Extra help in school
. (Applicable mainly to the UK)
The British government promised "that a child with special educational needs should have their needs met" (sec. 1.3, SEN Code of Practice, 2001). Even though it's printed for all to see, they won't be able to keep the promise, as they don't have the resources.
The British government has mandated that "a child with special educational needs should have their needs met" (sec. 1.3, SEN Code of Practice, 2001). With limited resources, this is almost certainly a promise made to be broken. However, the rules are there to be enforced!
Regular mainstream schools are able to meet the educational needs of most children. When they realize that someone isn't doing well enough, the school staff needs to act. Some possible problems are:
a. social interactions and communication skills (e.g. autism, speech problems)
b. general learning and reasoning (e.g. poor memory and/ or concentration, low IQ, dyslexia)
c. emotional development, social development, behaviour, sensory and/or physical disabilities (e.g. deafness, paralysis)
If you have concerns about your child's educational progress, talk to her teacher and/ or the SEN Coordinator (SENCO) at her school. If they think she's having problems, they will add her name to the Special Education Needs Register, if they haven't already done so.
If you have concerns about your child, discuss them with your child's teacher and/or the school's SEN Co-ordinator. If they are in agreement with your concerns, they may place his or her name on the Special Educational Needs Register. In fact, they may have already done so.
Once the school have identified that there are special needs, they then have the responsibility to meet those needs. There are many way by which this may be done. But the important point is that everyone (which includes you, the parents) should agree on what goals you are trying to achieve for your child.
Normally this is done by drawing up an individual education plan (IEP)
The IEP includes certain targets to achieve and the timeframe for completing them. The targets are then reviewed every six weeks or so. These targets may be a variety of skills: some academic, such as reading or writing; some behavioral, such as responding appropriately to questions and getting along with others during play time; or they may be physical and require help with physical disabilities or medical needs.
It may turn out that the school can't meet enough of your child's needs. In that case they will need to bring in experts from outside. Generally this would be an educational psychologist, although there are a number of other professionals that might be included. These people might work with your child directly, or they may advise the school as to how best proceed. This level of support is known as "School Action Plus".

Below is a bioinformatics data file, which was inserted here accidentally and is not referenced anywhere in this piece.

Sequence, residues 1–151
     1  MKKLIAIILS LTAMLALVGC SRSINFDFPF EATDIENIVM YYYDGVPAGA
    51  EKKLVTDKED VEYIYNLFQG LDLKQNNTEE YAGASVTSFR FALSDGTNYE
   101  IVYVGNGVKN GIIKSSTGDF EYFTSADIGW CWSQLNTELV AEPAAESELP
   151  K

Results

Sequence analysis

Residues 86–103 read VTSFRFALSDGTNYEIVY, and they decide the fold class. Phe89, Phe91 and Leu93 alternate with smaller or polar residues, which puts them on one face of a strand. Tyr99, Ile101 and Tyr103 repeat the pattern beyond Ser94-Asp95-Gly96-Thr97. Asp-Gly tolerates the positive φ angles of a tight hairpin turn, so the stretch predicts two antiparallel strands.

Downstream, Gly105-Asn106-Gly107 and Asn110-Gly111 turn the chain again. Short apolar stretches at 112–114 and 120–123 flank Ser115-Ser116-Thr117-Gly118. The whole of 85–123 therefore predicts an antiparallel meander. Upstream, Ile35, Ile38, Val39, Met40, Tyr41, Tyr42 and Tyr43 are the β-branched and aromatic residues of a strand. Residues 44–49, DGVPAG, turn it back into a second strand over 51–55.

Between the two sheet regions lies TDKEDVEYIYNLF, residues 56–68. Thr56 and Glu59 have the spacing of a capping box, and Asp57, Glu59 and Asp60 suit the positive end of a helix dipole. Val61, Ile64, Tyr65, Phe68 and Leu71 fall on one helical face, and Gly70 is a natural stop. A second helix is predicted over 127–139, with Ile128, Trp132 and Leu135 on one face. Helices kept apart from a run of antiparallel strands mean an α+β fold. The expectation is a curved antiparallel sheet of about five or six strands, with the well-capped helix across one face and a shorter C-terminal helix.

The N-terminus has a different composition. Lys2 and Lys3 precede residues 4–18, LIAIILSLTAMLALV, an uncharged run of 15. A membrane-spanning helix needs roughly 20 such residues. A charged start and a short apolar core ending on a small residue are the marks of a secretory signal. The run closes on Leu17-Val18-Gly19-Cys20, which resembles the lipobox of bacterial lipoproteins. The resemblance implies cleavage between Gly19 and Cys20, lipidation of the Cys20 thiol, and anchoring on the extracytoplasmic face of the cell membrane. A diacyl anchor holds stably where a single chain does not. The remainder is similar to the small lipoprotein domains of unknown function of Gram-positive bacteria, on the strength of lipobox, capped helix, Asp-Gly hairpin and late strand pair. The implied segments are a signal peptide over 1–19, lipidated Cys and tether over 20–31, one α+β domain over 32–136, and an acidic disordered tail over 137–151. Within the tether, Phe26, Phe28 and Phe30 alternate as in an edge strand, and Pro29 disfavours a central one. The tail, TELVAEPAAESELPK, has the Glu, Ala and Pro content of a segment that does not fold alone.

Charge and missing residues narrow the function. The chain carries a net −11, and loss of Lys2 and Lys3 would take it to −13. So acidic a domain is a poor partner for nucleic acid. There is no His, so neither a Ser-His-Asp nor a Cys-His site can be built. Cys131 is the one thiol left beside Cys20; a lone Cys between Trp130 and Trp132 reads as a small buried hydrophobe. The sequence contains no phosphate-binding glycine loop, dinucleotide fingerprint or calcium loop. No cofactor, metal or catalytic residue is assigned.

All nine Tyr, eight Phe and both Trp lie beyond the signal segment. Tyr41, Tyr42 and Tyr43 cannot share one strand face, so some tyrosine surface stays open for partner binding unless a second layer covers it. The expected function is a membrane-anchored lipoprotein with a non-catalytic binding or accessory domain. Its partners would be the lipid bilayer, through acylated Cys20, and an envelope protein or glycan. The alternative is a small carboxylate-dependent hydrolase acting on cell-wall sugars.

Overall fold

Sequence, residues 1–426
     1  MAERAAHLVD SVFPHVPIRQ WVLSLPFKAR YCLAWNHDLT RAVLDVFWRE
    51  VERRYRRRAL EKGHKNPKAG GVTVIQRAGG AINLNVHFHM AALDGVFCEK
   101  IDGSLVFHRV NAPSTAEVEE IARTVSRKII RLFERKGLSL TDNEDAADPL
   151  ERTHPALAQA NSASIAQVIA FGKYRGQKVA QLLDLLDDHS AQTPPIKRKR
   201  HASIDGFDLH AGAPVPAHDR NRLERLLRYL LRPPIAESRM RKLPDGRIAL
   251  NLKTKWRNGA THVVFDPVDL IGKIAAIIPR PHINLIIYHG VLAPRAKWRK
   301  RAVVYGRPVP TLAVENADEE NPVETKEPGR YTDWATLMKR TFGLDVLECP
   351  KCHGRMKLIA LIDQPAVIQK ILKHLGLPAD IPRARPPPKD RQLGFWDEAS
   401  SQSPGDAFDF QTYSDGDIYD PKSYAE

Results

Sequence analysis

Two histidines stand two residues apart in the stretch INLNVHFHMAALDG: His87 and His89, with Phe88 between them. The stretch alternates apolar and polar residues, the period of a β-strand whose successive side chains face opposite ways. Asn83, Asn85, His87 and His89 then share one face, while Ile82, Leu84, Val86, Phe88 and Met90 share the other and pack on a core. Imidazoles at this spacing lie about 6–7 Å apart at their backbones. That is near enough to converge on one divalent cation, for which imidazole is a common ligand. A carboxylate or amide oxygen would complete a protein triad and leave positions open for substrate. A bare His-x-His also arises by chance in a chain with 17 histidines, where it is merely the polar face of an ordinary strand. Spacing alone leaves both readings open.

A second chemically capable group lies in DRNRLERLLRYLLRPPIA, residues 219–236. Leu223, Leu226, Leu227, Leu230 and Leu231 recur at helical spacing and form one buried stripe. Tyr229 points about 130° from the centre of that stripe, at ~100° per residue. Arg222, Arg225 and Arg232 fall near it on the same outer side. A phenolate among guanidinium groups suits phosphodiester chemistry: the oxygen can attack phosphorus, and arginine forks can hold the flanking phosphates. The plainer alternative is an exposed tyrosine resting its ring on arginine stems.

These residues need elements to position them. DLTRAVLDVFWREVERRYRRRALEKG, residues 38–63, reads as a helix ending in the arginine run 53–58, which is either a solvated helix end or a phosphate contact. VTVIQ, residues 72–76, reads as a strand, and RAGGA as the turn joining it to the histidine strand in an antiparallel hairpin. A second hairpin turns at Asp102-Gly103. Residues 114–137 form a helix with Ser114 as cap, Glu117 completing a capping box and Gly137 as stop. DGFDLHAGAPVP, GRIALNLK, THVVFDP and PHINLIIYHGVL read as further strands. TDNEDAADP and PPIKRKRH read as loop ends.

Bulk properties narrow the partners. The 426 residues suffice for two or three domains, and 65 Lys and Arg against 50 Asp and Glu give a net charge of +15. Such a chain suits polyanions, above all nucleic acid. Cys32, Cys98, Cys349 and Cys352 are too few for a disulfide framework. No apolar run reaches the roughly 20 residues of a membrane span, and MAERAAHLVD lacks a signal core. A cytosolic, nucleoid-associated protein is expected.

Occasionally it will become apparent that the school alone does not have sufficient resources to solve the problem. In that case, outside experts are brought in to assist. Often times this will consist of an educational psychologist or some other type of professional. These experts may extend their advice to the school, which is called "School Action Plus".
Sometimes when the child's needs are severe, the intervention by school is not enough. In those cases, you may apply for a Statutory Assessment of SEN, which is usually conducted by the Local Education Authority (the county council). If the Authority's assessment agrees that the needs are severe, they may issue a Statement of SEN which further documents what the needs are, and what the school (and others) are legally required to do to meet those needs. Should the LEA refuses to complete a statutory assessment or issue a statement, you have rights (as the parent) to appeal their decision.
Just because the LEA grants a statement, that doesn't necessarily mean that the school will receive any extra money to do provide the services as indicated in the statement. The school will continue to be put in an awkward position of determining how to divide up their limited cash amongst all the SEN children in their school.
You can probably see by now why it is so essential for parents and schools to work together. Fighting the school won't help your child receive help. Listen carefully to what teachers and others say about your child, and try to remain calm and polite. Don't be afraid to ask questions, however. If you have concerns that something is missing from the help your child should be eligible for, then be sure to voice them. No one can speak for your own child but you.
If all goes well and your child's educational needs can be diagnosed, she should learn to enjoy and benefit from school. The less stressful environment there will help her be happier at home as well.
By Noel Swanson
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